From José V., Las Condes, Chile:
“Professor Edson, you say the Adversary needs to be a person. But I’ve read that a lack or need within the Hero or the community can work, too. Is this true?”
Good question about an essential story element – the Adversary.
Yes, there are films that use a generalized need within the Hero – or a social need within a community – to provide the story’s central dramatic conflict without a human Adversary. These movies often are looking to make people THINK more than FEEL.
But the screen examples I use in my classes most frequently come from commercial, mainstream Hollywood movies that made a ton of money.
That’s because financial success is a crystal clear indicator of just how EMOTIONALLY INVOLVING a movie was for audiences.
People only flock to a film if it delivers the experience of feeling deeply. That’s what professional screenwriters work so hard to do – create powerful emotional journeys.
Social issues and themes can be conveyed in commercial films, too, but those issues become a whole lot more impactful when we offer them through each moviegoer’s emotional connection to the Hero.
So I maintain when the conflict in a story is built around a general social issue, or some personal lack or need only found within the Hero – and no human Adversary is present – it’s missing something very important. BECAUSE EVERY FORM OF CONFLICT IN A MOVIE WORKS BEST WHEN THE CENTRAL ISSUE GETS PERSONIFIED as a single, powerful Adversary character who works hard to keep the Hero from reaching his or her goal.
Here’s an example.
The movie “HIDDEN FIGURES” tells the story of three black female friends in the early 1960’s who get jobs in Florida at the National Aeronautics and Space Administration as “Human Computers” helping to launch astronaut John Glenn into space. This extraordinary true story unfolds during a historical time and place where both racism and sexism hang over these brilliant women like a thick, caustic fog. Even at NASA, Katherine Johnson (Taraji P. Henson), the Hero of this story, faces rejection and humiliation every day… in spite of the fact she happens to be a world-class math genius!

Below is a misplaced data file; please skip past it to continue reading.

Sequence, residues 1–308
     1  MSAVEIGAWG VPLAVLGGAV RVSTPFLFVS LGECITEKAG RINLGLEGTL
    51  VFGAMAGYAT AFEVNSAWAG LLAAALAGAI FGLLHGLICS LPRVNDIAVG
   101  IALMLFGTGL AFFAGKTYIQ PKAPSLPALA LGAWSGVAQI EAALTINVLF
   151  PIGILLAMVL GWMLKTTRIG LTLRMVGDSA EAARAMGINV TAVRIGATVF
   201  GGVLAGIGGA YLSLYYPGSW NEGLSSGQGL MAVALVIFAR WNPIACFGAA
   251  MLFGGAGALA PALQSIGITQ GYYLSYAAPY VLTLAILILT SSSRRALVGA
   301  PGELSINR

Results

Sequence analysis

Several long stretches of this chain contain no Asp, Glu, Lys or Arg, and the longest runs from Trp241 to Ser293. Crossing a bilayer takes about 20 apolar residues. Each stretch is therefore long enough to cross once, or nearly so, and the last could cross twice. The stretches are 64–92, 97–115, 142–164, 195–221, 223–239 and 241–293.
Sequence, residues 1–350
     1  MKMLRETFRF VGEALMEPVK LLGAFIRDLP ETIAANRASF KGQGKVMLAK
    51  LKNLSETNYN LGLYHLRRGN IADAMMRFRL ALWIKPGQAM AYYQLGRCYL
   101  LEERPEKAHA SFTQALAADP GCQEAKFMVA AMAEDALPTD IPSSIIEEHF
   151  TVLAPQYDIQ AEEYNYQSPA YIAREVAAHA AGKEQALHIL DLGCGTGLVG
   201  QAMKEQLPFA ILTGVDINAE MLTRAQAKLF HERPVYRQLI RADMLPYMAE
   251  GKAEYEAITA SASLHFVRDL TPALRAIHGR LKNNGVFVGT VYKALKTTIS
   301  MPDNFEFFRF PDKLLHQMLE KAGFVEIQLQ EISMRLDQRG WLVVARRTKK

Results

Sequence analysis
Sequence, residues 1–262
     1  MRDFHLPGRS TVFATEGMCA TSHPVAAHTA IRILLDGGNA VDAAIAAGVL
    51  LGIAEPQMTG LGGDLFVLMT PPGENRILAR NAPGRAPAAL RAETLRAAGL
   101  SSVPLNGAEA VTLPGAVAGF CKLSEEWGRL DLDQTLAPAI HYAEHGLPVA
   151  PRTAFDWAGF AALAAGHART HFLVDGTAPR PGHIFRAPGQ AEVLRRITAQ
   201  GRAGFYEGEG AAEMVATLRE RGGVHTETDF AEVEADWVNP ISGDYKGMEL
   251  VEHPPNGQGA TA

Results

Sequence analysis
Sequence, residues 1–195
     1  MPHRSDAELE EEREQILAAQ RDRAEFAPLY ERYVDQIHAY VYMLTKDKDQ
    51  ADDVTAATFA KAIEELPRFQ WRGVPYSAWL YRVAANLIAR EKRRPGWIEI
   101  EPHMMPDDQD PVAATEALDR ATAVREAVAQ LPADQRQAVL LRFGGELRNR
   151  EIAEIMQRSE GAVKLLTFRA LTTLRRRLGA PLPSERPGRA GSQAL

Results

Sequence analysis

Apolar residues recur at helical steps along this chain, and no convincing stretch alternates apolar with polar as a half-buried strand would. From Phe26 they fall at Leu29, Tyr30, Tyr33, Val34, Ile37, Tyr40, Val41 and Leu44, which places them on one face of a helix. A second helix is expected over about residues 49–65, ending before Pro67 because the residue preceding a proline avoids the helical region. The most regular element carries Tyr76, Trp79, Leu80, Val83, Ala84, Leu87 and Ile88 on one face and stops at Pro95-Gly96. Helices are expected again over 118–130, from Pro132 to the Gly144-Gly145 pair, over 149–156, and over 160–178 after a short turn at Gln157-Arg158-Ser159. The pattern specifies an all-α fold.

The NASA department she works for sure has some social “lacks” all right. A lack of justice, equality, and basic human kindness.
But in this story, a powerful dramatic tool is used to thrust Katherine’s emotional experience of relentless racism deep into the hearts of moviegoers.
It’s her HUMAN ADVERSARY, Katherine’s boss, Department Supervisor Paul Stafford (Jim Parsons) who serves as racism personified in a single, flesh-and-blood opponent.
Stafford steals credit for Katherine’s great work, dismisses her every request for professional recognition, and makes Katherine run a half-mile each way to use the only “COLORED” restroom at NASA. Stafford even stops the Hero from simply getting a cup of coffee at the department break table when he puts there a small, broken, beat up tin teapot with the sign “COLORED” on it. And right beside it sits a large, shiny new ever-full coffee maker reserved for use ONLY by employees who are WHITE.
Watching Stafford constantly belittle the Hero gets us re-e-eally ticked off. The audience experiences every scorching racist putdown along with Katherine.
It’s the personification of all racism in a single Adversary character, Paul Stafford, that makes Katherine’s struggle against what’s socially wrong in her community become VISIBLE, SPECIFIC, and EMOTIONALLY VIVID. It focuses every moviegoer on one single grueling human conflict between two people.
Now we are glued to our seats!
In any story, along with the physical plot of Hero-versus-Adversary, you can ALSO STILL EXPLORE the inner personal lack or need of your Hero in the form of a simultaneous Character Growth Arc. NOTHING IS LOST BY PERSONNIFYING THE ADVERSARY – AND A WHOLE LOT IS GAINED!
Thanks for your question, José.
Write ever onward.